Dr. Balls-Berry also cited the history of unethical medical experimentation, which cultivates a culture of mistrust against the medical authority. 

“I think for researchers, we must acknowledge the historical underpinning of bad science, like the syphilis experiment in the Negro Man here in St. Louis, the Cold War experiments, which happened in downtown St. Louis, really cause more fear for African Americans, especially to participate in science because we weren't asked whether or not we wanted to engage in that research, so I think one of the things that we do in my lab and my colleagues also do in their labs,” she said

“We really try to increase what we call health research literacy.”

Community Educator Arnesia Calk of Florissant also talked about her outreach about Alzheimer’s in the Black community.

“[In my community outreach], we discuss the warning signs, and a lot of people don't know those, we go over the full magnitude of what Alzheimer's disease is, and how it's impacting our community,” Calk said.

“I really try to personalize that, especially when going into African American communities because I'm African American as well, so I want it to really resonate with people to know, how our culture is taking the news of this disease and how we can kind of start to be able to move forward and work on preventative strategies as well as understanding that we have all of these resources that are not always talked about amongst our community.”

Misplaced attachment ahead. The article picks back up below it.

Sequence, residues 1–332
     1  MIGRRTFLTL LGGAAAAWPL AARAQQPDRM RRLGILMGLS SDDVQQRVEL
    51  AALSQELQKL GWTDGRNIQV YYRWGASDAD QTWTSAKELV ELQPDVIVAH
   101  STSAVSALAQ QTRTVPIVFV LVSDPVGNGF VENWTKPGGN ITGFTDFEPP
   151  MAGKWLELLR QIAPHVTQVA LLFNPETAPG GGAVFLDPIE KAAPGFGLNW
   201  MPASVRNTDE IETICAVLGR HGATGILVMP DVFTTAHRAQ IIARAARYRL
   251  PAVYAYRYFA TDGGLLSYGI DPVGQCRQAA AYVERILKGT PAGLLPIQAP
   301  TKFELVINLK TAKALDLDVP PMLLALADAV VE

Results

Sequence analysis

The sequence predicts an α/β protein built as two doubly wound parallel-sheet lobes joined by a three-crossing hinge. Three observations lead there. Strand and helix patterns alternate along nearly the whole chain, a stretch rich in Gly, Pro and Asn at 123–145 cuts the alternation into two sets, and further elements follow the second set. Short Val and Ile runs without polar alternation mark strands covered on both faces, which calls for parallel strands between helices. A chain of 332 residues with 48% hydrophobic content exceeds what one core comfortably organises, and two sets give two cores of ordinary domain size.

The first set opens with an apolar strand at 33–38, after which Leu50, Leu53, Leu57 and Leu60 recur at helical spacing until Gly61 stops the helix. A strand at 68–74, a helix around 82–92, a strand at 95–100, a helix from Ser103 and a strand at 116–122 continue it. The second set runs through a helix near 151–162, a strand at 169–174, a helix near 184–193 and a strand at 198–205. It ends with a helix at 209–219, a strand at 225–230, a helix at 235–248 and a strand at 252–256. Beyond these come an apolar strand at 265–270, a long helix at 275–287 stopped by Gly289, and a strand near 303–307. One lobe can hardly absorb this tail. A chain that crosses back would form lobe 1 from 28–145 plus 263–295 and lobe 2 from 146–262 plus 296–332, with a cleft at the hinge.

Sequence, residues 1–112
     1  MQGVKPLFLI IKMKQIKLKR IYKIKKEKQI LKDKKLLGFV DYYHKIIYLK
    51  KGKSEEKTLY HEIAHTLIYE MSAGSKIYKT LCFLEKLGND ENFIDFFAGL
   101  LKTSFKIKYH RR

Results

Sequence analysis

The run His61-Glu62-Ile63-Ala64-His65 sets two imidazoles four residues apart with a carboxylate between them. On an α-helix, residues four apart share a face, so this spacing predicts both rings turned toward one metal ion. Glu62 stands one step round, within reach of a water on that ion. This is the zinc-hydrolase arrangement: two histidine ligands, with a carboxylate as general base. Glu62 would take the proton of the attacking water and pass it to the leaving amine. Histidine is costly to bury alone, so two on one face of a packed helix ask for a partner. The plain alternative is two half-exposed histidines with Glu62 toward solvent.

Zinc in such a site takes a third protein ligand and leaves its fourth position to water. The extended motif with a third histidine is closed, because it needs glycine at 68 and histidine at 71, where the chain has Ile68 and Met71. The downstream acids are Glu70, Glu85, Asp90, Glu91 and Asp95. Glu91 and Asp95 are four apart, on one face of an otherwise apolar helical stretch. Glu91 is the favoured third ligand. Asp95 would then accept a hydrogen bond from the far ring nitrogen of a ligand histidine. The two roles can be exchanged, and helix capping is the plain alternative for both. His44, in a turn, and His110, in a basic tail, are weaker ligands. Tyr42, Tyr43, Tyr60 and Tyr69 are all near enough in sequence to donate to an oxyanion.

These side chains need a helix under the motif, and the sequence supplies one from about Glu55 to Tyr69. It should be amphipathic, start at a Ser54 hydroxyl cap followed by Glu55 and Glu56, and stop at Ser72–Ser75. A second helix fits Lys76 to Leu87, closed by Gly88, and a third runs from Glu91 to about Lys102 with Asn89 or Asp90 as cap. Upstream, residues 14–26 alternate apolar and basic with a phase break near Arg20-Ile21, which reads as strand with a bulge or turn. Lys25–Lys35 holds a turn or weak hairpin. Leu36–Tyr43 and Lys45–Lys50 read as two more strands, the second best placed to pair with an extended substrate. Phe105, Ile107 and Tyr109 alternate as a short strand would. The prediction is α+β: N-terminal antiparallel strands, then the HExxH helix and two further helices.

A few signs of Alzheimer’s disease include memory loss that disrupts daily life, poor judgment, leading to bad decisions and loss of spontaneity and sense of initiative, according to the National Institute of Health.

Calk went on to talk about the importance of diversity in research studies along with an issue with access to experimental medicine that can slow the progression of Alzheimer’s disease.

“We’re not diverse enough with the studies to see how medications and other forms of treatment are affecting people of color and anybody that's in an underserved and under-represented community, so it is definitely vitally important for us to make sure that we are relaying that message and bridging that gap so that we do have trust and to let people know that what we are doing to get the data that we need can be safe,” she said.

“Also, there’s amazing things that are happening when it's coming to the development of drugs and that specific class of drugs that's being blocked by the government right now for us to be able to have access to.”

The drug Calk is referring to is “Lecanemab.” According to a study published by the New England Journal of Medicine, the drug was used on people in the early stages of Alzheimer’s disease and researchers found that it slowed the progression of the disease.

“It was pretty upsetting because…that drug has shown a lot of promise,” Calk said. “Hearing that we're this close to something that could be potentially a cure or at least something to slow the progression or even just stop the disease in its tracks where it doesn't go any further is amazing to me, but it's also incredibly disheartening because of the fact that we're not allowed to have access.”